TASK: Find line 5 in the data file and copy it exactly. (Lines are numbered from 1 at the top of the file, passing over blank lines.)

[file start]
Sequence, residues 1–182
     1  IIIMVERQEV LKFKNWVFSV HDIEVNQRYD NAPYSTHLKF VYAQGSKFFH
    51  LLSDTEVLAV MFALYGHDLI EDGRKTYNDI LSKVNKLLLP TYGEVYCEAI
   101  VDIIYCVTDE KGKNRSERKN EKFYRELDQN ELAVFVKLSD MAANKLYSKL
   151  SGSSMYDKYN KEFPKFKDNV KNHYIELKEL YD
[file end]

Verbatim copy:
   151  SGSSMYDKYN KEFPKFKDNV KNHYIELKEL YD